25. 25. Stevens K. Valuation of the Child Health Utility 9D Index. Pharmacoeconomics. 2012;30(8):729–47. pmid:22788262
  26. 26. Schram M, Spuls PI, Leeflang M, Lindeboom R, Bos J, Schmitt J. EASI, (objective) SCORAD and POEM for atopic eczema: responsiveness and minimal clinically important difference. Allergy. 2012;67(1):99–106. pmid:21951293
  27. 27. Bland JM, Altman DG. Transformations, means, and confidence intervals. BMJ. 1996;312(7038):1079. pmid:8616417
  28. 28. Bland JM, Altman DG. The use of transformation when comparing two means. BMJ. 1996;312(7039):1153. pmid:8620137
  29. 29. Curtis L, Burns A. Unit costs of health and social care 2015. Canterbury: Personal Social Services Research Unit; 2015 [cited 2016 Apr 21].
  30. 30. Department of Health. NHS reference costs 2014 to 2015. London: Department of Health; 2015 [cited 2016 Apr 22].
  31. 31. Health and Social Care Information Centre. Prescription cost analysis, England—2015 London: Health and Social Care Information Centre; 2016 [cited 2016 Apr 8].
  32. 32. Willan AR, Briggs AH, Hoch JS. Regression methods for covariate adjustment and subgroup analysis for non-censored cost-effectiveness data. Health Econ. 2004;13(5):461–75. pmid:15127426
  33. 33. Briggs AH, Wonderling DE, Mooney CZ. Pulling cost-effectiveness analysis up by its bootstraps: a non-parametric approach to confidence interval estimation. Health Econ. 1997;6(4):327–40. pmid:9285227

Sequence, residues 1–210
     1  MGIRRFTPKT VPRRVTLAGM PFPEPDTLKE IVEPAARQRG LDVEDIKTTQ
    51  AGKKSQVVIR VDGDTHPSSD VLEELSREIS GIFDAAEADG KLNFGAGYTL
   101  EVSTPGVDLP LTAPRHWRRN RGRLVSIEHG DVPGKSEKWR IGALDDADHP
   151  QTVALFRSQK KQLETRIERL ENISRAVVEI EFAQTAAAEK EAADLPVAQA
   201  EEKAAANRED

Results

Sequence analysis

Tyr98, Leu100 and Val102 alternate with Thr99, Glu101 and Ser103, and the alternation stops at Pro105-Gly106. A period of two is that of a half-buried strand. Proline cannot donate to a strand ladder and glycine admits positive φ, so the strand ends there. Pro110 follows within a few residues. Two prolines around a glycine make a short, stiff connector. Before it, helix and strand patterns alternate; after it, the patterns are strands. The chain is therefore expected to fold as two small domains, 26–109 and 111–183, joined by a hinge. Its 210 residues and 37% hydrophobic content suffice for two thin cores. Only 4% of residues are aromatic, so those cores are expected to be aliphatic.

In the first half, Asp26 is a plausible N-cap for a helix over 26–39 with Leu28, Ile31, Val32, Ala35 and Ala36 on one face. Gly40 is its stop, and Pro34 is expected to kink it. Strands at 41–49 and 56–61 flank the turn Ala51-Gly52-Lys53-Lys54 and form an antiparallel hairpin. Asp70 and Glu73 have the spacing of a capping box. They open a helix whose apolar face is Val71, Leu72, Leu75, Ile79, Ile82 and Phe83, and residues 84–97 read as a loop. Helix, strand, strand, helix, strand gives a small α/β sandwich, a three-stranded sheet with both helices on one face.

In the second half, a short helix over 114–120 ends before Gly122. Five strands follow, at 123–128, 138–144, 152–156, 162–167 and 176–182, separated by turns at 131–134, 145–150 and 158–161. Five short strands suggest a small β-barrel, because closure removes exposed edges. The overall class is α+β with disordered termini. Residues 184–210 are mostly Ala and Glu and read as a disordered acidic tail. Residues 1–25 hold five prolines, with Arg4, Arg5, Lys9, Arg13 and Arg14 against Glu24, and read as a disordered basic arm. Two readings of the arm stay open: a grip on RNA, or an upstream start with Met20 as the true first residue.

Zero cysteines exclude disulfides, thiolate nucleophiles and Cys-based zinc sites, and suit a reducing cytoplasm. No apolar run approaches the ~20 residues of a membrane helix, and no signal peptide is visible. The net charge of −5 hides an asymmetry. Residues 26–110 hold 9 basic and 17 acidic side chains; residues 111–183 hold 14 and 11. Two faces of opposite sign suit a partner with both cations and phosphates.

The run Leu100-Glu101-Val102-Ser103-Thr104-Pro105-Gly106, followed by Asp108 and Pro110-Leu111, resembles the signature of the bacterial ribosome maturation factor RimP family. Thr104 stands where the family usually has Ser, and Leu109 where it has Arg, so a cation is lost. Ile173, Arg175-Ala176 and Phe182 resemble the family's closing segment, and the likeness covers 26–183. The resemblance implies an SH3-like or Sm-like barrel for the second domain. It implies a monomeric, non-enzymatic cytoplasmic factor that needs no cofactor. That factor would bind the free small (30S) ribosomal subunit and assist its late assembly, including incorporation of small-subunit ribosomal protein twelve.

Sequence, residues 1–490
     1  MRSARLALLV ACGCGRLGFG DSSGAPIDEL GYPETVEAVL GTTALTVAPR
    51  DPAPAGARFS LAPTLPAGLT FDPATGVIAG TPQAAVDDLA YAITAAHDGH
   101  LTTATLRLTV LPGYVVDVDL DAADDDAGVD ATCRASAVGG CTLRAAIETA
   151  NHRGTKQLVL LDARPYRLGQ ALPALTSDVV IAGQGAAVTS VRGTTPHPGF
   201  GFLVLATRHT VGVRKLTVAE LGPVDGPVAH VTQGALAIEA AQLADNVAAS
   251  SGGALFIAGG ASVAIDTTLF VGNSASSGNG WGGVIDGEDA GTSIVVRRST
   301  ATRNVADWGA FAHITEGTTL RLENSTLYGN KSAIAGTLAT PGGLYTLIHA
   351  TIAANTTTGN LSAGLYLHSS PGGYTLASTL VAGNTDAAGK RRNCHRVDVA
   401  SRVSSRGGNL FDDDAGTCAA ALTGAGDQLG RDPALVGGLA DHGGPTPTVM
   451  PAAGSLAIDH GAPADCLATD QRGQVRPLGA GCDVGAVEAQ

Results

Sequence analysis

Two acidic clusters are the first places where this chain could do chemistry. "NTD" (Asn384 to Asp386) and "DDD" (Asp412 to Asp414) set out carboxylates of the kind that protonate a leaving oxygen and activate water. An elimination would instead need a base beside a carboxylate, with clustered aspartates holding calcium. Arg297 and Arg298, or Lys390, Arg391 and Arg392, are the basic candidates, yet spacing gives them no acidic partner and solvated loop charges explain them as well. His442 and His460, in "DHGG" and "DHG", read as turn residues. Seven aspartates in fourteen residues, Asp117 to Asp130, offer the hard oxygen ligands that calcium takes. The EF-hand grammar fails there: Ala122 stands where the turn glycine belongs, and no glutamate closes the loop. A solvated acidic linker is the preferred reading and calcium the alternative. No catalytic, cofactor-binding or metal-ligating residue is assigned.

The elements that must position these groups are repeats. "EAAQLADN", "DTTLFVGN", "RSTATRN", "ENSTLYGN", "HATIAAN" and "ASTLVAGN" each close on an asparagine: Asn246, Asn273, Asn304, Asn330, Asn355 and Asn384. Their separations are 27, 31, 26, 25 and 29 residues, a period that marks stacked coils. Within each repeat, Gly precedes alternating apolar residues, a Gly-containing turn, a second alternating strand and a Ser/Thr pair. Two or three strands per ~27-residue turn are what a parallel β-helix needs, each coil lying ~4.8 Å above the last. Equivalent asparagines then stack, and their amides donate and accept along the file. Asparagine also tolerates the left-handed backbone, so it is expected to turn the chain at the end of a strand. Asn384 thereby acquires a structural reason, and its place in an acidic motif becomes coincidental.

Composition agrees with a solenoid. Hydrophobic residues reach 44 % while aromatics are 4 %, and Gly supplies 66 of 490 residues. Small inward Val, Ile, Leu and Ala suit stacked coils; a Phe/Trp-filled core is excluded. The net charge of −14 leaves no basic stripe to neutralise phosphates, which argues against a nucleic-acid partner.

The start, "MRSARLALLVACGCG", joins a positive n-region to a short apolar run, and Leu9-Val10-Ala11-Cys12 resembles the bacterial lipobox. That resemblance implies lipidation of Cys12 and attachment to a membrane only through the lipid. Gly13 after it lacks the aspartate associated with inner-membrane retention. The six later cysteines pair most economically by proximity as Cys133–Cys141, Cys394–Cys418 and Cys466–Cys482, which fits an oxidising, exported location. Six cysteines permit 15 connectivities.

34. 34. Fenwick E, Claxton K, Sculpher M. Representing uncertainty: the role of cost-effectiveness acceptability curves. Health Econ. 2001;10(8):779–87. pmid:11747057
  35. 35. National Health Service Business Services Authority. Preface: amendments to the Drug Tariff—March 2015. Newcastle upon Tyne: National Health Service Business Services Authority; 2015 [cited 2016 Dec 21].
  36. 36. Thomas KS, Dean T, O’Leary C, Sach TH, Koller K, Frost A, et al. A randomised controlled trial of ion-exchange water softeners for the treatment of eczema in children. PLoS Med. 2011;8(2):e1000395. pmid:21358807
  37. 37. NHS Digital. Prescription cost analysis, England—2014 [NS]. Leeds: NHS Digital; 2015 [cited 2016 Jun 9].
  38. 38. Information Services Division Scotland. Prescription cost analysis for Scotland. Edinburgh: Information Services Division Scotland; 2010 [cited 2016 Jun 13].
  39. 39. Welsh Government. Prescriptions dispensed in the community. Tables—prescription cost analysis: individual preparations, 2015. Cardiff: Welsh Government; 2016 [2016 Jun 9].
  40. 40. HSC Business Services Organisation. Pharmaceutical statistics: PCA 2015. Belfast: HSC Business Services Organisation; 2016 [cited 2016 Jun 9].